Slipknot – We Are Not Your Kind

The one thing that can always bring me back to Slipknot no matter which album it is or how long it’s been since they’ve started is simple but so difficult to keep up while also pulling it off: novelty. It’s in each and every album that they’ve put out that Slipknot has created a unique experience that always revolves around the same spirit and core style, but we’ve all heard at least something from them to know that each record are works that are wholly their own. There was a part of me that was afraid this record was going to fall a little flat given the singles not really resonating with me, but, yet again, the universe smacks my doubts right back into my foolish face to deliver a new Slipknot record that feels the truest to the very idea of this band that has ever been made.

It hasn’t even been a full day at the time of me typing this and I already know it’s fact that just about anyone who has spoken their opinion about this album has been retaliated in some way. If you liked it, someone has said something along the lines of this being weak shit and “Iowa” or the debut was the best. If you hated it, you’re told to fuck off and stop “toxifying” the fan base. It’s happened to me and personally, I feel that if you’re hoping for another “Iowa” or a repeat of the style of any other album they’ve done, it’s a lost hope. I really hope that’s the case as I would be a little disappointed in this band because I know that they’ve so much to say, have so much to experiment with across nine guys, can convey so much, and make it fucking work in the end. Slipknot can do so much with their sound as they can easily manipulate it into a form we haven’t seen before, make it echo the past but not fooling themselves into a shameless copy, and deliver it with a fervor that is still awesome to see twenty years into a storied career. It’s only their sixth album, but it’s track after track that “We Are Not Your Kind” has the potential to be heralded as one of the most critical releases Slipknot has put out when viewed in retrospect years down the line.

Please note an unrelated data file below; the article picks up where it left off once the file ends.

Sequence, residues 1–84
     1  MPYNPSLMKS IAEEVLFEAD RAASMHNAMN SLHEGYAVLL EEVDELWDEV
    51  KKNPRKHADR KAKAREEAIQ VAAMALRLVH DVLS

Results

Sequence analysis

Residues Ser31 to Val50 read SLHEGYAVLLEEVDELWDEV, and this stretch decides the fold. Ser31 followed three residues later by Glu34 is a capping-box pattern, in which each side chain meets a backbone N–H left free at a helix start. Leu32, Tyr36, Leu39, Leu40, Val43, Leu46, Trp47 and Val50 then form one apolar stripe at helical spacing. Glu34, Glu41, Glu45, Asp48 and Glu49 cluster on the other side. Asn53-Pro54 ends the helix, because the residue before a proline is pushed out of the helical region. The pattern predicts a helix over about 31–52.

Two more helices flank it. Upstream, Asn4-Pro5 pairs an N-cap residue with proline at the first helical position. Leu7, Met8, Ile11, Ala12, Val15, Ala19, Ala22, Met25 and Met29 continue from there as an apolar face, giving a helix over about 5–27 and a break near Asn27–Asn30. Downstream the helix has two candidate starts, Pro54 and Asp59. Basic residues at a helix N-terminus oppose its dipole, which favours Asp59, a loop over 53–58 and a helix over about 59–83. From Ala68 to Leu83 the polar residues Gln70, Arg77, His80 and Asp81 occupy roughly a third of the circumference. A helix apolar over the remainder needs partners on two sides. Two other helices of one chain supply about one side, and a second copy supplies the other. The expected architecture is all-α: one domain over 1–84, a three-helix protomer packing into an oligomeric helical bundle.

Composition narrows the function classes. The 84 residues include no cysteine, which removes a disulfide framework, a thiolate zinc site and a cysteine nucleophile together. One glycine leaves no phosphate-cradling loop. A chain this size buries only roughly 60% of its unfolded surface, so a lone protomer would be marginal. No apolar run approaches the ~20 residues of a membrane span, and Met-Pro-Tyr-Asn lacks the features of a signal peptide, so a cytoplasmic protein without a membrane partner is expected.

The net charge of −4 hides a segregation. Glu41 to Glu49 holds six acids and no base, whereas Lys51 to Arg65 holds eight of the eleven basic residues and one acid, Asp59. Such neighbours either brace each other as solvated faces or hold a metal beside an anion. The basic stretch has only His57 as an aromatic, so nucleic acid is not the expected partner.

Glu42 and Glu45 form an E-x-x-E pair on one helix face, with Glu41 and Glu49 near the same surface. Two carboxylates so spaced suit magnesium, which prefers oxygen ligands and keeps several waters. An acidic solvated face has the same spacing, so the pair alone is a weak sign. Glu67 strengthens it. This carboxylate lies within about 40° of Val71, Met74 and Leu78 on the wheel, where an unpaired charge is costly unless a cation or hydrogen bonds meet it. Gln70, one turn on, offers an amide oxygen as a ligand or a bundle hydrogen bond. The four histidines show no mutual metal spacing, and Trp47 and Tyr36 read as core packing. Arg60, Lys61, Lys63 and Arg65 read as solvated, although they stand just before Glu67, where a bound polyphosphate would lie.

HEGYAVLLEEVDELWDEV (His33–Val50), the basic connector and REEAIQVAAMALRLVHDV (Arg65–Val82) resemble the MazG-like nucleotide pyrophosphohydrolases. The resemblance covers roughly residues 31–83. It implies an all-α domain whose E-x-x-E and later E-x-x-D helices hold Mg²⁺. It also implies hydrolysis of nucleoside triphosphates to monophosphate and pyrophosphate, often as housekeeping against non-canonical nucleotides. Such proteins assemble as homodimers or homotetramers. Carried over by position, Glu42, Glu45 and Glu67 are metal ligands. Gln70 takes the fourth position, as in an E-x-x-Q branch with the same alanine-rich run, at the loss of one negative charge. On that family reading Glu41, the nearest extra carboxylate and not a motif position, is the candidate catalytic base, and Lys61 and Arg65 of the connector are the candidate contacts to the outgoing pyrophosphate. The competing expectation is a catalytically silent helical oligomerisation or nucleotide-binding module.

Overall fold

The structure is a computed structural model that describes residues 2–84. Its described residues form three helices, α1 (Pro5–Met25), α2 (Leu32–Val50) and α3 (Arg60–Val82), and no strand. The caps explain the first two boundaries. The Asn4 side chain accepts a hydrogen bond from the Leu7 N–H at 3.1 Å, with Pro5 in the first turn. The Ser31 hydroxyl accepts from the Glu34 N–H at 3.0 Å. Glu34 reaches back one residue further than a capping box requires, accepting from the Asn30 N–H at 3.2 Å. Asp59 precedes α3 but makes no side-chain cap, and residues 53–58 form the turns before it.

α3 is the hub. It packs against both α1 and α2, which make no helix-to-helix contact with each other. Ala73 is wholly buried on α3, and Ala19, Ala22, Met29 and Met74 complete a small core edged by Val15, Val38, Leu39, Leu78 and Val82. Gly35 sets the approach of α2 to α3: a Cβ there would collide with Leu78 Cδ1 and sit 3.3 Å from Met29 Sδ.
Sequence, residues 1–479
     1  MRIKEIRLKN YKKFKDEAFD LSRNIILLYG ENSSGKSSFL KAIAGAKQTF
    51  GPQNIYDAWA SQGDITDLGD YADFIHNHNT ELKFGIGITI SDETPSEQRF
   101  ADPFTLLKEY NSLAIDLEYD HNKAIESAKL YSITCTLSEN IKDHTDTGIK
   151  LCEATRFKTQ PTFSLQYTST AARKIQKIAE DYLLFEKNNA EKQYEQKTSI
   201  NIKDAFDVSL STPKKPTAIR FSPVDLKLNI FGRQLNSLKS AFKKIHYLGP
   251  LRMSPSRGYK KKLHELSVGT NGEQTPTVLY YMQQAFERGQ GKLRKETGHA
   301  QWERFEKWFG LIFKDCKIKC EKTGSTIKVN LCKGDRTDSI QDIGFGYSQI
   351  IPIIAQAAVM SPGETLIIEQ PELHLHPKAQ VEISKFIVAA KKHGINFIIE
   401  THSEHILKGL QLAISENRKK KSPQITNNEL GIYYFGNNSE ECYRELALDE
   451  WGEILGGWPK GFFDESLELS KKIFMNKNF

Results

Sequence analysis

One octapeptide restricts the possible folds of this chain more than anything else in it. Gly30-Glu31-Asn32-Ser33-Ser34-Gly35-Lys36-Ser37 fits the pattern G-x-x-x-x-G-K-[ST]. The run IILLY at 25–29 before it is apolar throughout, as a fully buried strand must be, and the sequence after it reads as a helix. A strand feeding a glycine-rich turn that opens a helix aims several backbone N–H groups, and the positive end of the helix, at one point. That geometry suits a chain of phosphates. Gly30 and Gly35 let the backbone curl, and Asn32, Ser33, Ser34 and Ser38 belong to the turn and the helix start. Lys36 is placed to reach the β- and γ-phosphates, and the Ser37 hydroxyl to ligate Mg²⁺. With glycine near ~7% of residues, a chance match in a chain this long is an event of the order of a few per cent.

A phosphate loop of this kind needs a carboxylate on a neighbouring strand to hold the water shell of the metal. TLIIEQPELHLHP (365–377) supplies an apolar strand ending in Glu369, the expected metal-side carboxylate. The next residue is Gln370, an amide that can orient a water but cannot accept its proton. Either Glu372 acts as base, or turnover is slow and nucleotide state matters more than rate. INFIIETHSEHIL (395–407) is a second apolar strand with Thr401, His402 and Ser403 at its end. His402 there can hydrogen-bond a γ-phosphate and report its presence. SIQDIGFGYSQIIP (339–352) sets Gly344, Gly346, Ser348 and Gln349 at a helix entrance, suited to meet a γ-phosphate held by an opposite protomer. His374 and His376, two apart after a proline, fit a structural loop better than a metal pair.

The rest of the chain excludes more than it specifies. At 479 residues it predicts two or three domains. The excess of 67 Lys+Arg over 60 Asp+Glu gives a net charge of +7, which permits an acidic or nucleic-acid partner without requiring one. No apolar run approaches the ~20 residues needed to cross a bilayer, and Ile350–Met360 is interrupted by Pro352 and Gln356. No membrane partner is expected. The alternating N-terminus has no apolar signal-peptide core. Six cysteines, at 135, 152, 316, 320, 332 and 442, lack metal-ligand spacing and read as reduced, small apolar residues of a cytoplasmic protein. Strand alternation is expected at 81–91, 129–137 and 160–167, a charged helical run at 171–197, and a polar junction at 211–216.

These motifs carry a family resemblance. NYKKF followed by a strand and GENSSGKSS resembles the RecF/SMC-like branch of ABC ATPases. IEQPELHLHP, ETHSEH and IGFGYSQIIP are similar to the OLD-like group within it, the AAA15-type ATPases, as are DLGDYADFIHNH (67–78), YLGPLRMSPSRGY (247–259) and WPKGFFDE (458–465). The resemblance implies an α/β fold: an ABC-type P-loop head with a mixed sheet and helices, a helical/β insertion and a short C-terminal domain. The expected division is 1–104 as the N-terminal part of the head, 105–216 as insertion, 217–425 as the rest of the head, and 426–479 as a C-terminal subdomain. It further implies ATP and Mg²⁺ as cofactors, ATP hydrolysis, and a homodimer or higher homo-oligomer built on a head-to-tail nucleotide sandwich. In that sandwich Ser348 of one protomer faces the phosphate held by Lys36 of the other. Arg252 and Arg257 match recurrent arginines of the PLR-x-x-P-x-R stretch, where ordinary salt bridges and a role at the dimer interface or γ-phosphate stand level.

I can wholly understand the idea of a big band like this wanting their singles to be accessible since that’s what’s going to be played on the radios and such while, hopefully, still showing what the rest of the album is like. I know not many will agree with me, but I feel the singles didn’t do a great job at conveying what the entirety of “We Are Not Your Kind” brings to the table. We got glimpses, yes, but if tracks like “Nero Forte” or even “A Liar’s Funeral” were released, I truly believed the hype train would’ve gotten up to speed so much quicker, and it’s a huge relief and immensely satisfying to see songs like that grace this album. And they’re just to tip of the darkness from which Slipknot pulled from for this organic, maniacal, and truly honest effort that hits all the notes we’ve seen before. Somber notes are pulled off expertly from the aforementioned “A Liar’s Funeral”, the combination of melody and intensity gel wondrously in “Orphan” and “Nero Forte”, the unnerving aspect of Slipknot that hasn’t been on full display in so many years shows its haunting visage perfectly throughout works like “Spiders”, and then, of course, we get the songs that are just meant to chop up the weak and leave no survivors as “Solway Firth” and “Red Flag” devastate at every turn!